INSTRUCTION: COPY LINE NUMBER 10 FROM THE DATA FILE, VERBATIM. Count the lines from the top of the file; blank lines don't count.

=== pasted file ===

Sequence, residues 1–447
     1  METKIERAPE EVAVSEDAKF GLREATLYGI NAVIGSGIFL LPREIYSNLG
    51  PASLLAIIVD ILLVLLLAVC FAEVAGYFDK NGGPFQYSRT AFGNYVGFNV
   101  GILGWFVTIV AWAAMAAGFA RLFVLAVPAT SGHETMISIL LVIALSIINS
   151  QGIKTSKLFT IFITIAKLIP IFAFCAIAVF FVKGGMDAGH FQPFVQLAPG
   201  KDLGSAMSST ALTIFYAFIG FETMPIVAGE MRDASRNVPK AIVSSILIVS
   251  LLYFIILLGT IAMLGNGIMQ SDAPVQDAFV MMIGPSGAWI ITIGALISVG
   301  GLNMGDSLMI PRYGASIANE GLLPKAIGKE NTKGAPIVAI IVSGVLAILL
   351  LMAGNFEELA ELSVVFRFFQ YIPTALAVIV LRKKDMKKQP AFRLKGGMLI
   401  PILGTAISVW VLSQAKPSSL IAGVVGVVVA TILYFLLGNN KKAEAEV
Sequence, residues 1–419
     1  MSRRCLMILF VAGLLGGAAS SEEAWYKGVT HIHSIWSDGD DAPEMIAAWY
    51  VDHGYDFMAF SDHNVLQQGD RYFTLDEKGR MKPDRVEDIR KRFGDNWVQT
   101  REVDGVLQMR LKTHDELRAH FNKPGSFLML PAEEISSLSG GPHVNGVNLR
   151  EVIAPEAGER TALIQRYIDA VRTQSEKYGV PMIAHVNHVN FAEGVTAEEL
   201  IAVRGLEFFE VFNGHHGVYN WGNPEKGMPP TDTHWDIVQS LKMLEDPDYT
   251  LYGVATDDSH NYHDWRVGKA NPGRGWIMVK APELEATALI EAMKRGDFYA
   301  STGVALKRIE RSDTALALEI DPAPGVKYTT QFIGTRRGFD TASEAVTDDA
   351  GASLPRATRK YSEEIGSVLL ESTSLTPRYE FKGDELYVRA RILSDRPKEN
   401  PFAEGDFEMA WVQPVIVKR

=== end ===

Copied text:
   401  PILGTAISVW VLSQAKPSSL IAGVVGVVVA TILYFLLGNN KKAEAEV